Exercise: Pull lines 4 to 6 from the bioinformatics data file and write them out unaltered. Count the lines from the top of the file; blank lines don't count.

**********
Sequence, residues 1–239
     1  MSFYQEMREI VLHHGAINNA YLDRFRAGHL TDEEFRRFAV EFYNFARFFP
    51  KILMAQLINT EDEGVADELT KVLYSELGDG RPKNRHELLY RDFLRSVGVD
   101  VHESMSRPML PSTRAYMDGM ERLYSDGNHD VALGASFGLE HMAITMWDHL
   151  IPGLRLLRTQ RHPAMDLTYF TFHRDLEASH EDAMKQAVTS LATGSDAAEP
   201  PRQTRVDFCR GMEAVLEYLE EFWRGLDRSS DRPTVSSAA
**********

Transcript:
   101  VHESMSRPML PSTRAYMDGM ERLYSDGNHD VALGASFGLE HMAITMWDHL
   151  IPGLRLLRTQ RHPAMDLTYF TFHRDLEASH EDAMKQAVTS LATGSDAAEP
   201  PRQTRVDFCR GMEAVLEYLE EFWRGLDRSS DRPTVSSAA